Separate Lives by Glover Davis

ABOUT Glover Davis

Glover Davis, Professor Emeritus of Creative Writing at San Diego State University, has published the following books of poetry: Bandaging Bread, August Fires, and Legend. He has published in many journals including The Southern Review, Poetry, The New England Review, and The Journal. He lives in Fresno, California, and is working on another book.

Pecan Grove Press

Separate Lives by Glover Davis

ISBN: 978-1-931247-36-8

$15

About Glover Davis’s previous books:

“A very strong rhythm is at the heart of every poem and Davis focuses so clearly and powerfully on the natureal particulars in a landscape or experience that the reader almost feels the theme or concept in the piece is his own discovery. The poems have nuance and resonance and reward several readings.
Christopher Buckley in The Chariton Review

“Davis has an original style that reminds me, really, of no one else: already he has mastered a manner of contemporary dream-vision that seems all his own.... ‘Tense, disciplined and sapient.’ I can’t think of a better phrase in which to describe the accomplishment of this excellent book.”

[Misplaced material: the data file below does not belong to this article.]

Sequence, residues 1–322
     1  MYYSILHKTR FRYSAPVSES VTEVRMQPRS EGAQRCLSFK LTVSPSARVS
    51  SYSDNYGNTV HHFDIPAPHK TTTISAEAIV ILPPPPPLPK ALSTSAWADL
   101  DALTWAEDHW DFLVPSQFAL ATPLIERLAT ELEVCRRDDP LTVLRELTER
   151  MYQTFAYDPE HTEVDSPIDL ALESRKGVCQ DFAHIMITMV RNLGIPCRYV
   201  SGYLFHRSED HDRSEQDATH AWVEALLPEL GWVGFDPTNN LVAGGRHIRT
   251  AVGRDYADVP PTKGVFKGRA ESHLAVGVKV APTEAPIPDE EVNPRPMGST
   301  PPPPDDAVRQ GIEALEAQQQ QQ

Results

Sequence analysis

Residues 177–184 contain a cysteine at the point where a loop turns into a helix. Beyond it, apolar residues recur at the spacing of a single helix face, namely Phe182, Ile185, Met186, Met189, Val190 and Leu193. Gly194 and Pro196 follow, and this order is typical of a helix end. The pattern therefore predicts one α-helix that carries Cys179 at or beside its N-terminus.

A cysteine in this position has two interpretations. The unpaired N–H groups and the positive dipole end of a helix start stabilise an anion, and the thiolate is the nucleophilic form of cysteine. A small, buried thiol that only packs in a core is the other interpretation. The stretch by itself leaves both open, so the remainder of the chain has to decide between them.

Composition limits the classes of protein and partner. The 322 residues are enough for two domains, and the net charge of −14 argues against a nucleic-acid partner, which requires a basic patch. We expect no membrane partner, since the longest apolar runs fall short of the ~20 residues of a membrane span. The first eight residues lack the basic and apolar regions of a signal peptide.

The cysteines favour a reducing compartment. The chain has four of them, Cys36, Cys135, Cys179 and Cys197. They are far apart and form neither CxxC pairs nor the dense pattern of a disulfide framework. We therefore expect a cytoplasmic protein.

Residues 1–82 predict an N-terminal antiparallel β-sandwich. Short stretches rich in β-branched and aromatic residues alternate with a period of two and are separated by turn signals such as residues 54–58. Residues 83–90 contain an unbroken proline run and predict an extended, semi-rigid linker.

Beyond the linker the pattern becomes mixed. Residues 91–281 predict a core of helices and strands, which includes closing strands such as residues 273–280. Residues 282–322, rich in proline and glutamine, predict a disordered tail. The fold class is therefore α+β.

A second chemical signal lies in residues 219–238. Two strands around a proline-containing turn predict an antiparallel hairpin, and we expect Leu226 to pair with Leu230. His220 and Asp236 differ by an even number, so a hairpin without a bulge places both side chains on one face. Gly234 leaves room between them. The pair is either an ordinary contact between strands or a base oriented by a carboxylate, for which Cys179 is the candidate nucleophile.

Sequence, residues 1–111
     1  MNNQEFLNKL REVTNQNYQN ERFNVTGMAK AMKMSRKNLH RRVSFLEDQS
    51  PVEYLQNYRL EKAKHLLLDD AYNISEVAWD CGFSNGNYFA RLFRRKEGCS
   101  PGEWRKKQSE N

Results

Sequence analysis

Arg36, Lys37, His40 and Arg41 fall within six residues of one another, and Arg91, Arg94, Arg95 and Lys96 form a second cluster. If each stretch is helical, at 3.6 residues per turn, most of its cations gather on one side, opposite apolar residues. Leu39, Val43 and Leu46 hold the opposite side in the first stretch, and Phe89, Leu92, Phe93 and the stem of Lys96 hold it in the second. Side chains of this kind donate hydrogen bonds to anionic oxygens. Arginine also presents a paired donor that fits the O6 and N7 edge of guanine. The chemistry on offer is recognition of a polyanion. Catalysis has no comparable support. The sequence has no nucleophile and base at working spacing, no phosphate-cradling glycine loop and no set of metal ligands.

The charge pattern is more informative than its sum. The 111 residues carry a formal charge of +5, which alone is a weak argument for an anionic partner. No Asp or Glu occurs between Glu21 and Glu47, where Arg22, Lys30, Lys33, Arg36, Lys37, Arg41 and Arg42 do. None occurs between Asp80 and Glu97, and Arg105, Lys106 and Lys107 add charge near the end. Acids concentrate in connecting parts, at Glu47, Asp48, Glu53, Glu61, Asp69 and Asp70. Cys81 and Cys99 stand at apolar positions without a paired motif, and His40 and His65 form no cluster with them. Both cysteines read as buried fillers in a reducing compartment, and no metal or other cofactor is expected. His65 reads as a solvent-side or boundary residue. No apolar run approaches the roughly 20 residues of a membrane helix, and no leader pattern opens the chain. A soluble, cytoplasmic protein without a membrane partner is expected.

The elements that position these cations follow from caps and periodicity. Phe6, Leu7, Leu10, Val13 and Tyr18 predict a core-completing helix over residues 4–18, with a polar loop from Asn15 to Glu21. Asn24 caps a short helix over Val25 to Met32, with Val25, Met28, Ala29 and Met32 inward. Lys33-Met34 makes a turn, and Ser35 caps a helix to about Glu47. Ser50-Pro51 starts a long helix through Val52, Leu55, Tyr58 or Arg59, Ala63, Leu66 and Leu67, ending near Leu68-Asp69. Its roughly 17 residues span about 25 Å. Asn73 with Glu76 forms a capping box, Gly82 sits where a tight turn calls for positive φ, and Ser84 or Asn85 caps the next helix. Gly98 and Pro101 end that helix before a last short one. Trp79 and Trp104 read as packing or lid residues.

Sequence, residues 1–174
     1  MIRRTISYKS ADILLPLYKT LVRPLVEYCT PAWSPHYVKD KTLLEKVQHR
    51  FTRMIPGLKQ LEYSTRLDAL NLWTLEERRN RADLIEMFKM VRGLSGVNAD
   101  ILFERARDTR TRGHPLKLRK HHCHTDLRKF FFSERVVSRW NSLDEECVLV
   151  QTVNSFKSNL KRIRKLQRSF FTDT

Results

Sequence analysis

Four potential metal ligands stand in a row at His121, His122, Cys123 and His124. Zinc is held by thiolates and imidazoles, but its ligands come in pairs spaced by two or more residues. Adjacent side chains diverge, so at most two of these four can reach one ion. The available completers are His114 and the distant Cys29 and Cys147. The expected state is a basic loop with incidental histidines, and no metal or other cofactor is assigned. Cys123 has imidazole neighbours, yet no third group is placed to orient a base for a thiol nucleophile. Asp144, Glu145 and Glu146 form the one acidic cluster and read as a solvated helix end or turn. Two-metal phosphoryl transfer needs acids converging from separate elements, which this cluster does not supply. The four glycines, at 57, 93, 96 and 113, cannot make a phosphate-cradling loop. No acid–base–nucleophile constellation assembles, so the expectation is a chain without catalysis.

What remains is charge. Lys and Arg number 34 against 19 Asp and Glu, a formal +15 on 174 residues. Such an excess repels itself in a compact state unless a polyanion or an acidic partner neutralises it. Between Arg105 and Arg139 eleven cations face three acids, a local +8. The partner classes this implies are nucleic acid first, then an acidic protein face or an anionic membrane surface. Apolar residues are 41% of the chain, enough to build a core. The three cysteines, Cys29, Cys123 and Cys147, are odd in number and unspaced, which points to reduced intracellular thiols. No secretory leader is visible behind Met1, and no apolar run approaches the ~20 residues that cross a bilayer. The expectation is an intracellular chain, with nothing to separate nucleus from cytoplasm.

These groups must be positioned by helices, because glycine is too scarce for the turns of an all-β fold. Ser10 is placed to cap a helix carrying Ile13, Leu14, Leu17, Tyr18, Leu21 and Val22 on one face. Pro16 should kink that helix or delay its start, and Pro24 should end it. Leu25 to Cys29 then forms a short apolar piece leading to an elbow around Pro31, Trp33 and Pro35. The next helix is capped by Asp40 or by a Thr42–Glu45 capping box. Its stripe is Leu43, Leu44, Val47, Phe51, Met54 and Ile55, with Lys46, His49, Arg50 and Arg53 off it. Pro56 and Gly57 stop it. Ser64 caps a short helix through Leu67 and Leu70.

—Louis L. Martz in The Yale Review

Separate Lives by Glover Davis

We searched for a bar where brewery workers drank.
We strolled down streets where walls trembled with flowers,
with bougainvillae, honey-suckle, wisteria.
Picked leaves and blossoms stuck like paint or turned
so soft and fat they crawled across your palm.
You smeared them on your pants and sighed and went
on looking for a door whose inset glass
distorts the faces shining through.
When your feet began to throb you pulled a sock
from your right foot; the bruise was blue and flecked
with oil and we would sit for hours on a curb.
You wound ace bandages on ankles, knees
and wrists until at last you stiffly rose
and led us into streets you’d never seen
before, streets whose oak doors were bolted shut.
We scrambled up a slope and crept through yards.
Whole families, bent above their plates, would turn
at once like deer and stare into the dark
beyond the seperating glass where white
shirts passed as ghostly robes and fear
of what we were, of what each one could be
moved on their faces lit by candles, bulbs,
the charcoal glowing in the metal trays.
At last we found the street and as we walked
the houses changed—adobe, Spanish tile.
This could be Mexico, California, Spain.
This could be anywhere for homeless men.
I hoped that you would find that bar but knew
you wouldn’t, knew that we would roam
these strange, familiar streets until the dawn.
That place where men were brothers as they drank
away the afternoon was like a song
on a jukebox lined with tubes of rising colors.


 

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